Moneyweb
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3 minute read
10 May 2018
6:12 am

Joburg building approvals grind to a halt

Moneyweb

This is due to the suspension of the city's building control officer, which means no developments can go ahead and huge amounts will be lost.

The construction of a students' residence by Century Property Developers in Streatly Avenue, Auckland Park, Johannesburg. Picture: Moneyweb

The approval of building plans, rezonings, township establishments and other applications in South Africa’s economic heartland have ground to a halt because of the suspension of City of Joburg’s building control officer.

While scuffles between the governing DA and opposition parties, including the ANC, delay the appointment of an interim replacement, developers and contractors stand to lose huge amounts.

The city withdrew some earlier approvals against the background of forensic investigations and at least one dispute is heading to court.

Ward councillor Bridget Steer confirmed to Moneyweb that the city is preparing an application to stop construction of a student housing complex at Streatley Avenue in Auckland Park. This comes after the developer failed to stop construction despite the fact that the city withdrew its provisional authorisation.

The developer, Century Properties, told Moneyweb it has complied with all the applicable laws and by-laws, but that the city’s withdrawal of its earlier authorisation was procedurally flawed. Therefore construction proceeds.

Joburg mayor Herman Mashaba said earlier this month the building control officer had been suspended due to “irregularities in the issuing of notices to developers, resulting in developments taking place without approved plans, creating a law-enforcement burden for the city and loss of revenue”, among other things.

The building officer has the authority to approve building plans, rezoning and related applications and if the position is not filled, that entire function of the municipality is paralysed, says ANC counsellor Rudy Mathang, who is also a qualified town planner.

SA Property Owners’ Association chief executive Neil Gopal told Moneyweb that the city has not officially informed them of the current situation, but that they will engage the city. He said this “will certainly slow down the pace of much needed developments, increasing revenue for the city and job creation”.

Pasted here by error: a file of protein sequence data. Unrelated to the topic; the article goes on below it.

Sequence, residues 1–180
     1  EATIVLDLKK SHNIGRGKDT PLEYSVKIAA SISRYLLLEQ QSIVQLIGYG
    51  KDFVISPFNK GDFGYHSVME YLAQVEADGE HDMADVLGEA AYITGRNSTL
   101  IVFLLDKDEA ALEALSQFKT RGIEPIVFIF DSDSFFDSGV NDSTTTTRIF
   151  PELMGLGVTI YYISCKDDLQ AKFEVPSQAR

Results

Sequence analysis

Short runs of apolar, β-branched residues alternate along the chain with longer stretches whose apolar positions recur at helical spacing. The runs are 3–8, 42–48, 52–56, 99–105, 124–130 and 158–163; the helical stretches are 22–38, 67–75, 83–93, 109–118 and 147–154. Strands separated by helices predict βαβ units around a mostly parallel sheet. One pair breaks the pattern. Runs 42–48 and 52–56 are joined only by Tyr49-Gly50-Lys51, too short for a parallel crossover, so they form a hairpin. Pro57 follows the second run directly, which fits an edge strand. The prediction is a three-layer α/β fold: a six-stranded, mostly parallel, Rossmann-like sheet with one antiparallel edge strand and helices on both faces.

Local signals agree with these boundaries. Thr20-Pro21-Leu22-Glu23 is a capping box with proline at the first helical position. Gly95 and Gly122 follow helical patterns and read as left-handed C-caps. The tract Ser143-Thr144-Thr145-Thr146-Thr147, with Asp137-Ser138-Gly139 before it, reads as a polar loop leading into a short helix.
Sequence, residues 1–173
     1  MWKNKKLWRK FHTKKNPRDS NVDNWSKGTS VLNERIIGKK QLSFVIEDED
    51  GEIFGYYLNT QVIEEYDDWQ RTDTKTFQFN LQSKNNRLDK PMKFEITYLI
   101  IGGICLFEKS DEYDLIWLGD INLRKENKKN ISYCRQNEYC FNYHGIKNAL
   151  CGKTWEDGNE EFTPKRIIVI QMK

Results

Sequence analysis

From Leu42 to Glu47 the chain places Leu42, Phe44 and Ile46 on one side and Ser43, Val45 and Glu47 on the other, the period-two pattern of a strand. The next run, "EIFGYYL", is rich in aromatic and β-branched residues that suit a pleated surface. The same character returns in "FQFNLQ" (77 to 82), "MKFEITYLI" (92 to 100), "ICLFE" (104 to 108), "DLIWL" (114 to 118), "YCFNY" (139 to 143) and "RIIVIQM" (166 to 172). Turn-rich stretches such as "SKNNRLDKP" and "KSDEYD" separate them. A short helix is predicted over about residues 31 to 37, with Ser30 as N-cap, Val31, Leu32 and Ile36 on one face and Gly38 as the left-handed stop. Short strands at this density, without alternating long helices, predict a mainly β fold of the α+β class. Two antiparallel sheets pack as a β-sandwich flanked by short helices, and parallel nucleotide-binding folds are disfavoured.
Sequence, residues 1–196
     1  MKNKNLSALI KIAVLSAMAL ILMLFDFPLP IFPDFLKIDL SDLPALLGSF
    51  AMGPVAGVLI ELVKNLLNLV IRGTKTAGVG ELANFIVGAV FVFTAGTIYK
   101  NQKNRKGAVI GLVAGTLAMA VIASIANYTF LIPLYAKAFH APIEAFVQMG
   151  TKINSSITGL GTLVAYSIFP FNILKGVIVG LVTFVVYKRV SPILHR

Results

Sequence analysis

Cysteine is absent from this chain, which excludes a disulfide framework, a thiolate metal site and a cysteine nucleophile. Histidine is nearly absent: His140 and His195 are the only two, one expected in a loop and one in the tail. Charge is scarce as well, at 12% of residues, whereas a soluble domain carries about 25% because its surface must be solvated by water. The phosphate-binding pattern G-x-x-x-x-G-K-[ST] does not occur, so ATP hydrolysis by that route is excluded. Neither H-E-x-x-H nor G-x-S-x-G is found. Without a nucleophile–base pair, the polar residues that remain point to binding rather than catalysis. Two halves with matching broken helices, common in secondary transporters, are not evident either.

Japie Vos of Century City said the impact of this situation hurts contractors more than developers. “These subcontractors and employees are much more affected as they are normally the main breadwinner for their families.”

Vos said the retraction and failure to issue approvals is affecting 3 000 to 4 000 direct job opportunities from Century City developments alone.

Auckland Park resident Jane Griffiths believed the student housing project, developed in her street, was a case in point in terms of questionable approvals. The development is behind the Campus Square shopping centre and close to the Raya Vaya bus service. It will consist of more than 200 residential units and 170 parking bays.

At Streatley Avenue, where its entrance will be, it will have four storeys and on the rest of the property six storeys. It stretches almost the whole length of Streatley Avenue, which is a narrow tree-lined street with stately single and double storey houses on the other side.

Griffiths said the construction is proceeding despite the fact that the building plans have not been approved. She questions the way Century Properties obtained provisional approval.

She says the high-density development does not comply with the city’s development framework and has a list of concerns about the way construction is being done.

Steer shares the concerns of Griffiths and other residents.

Vos said the building plans have circulated to all departments and are awaiting the appointment of a new building control officer. As is usually the case under such conditions, the city issued a provisional authorisation for the building operations to start. This authorisation is valid until July 18, Vos said.

The city has, however, since withdrawn that along with many other similar authorisations issued to various developers in Johannesburg. Vos points out that due process was not followed with the withdrawal and the city failed to give reasons for the move.

Chris Dyani, the city’s acting executive director for development and planning, told Moneyweb that the authorisation should never have been given in the first place, since the site development plan was still under consideration by the Land Use division and other documents were outstanding.

Dyani said their legal division was preparing a court application to stop the construction on site, but Vos said Century City was unaware of this.

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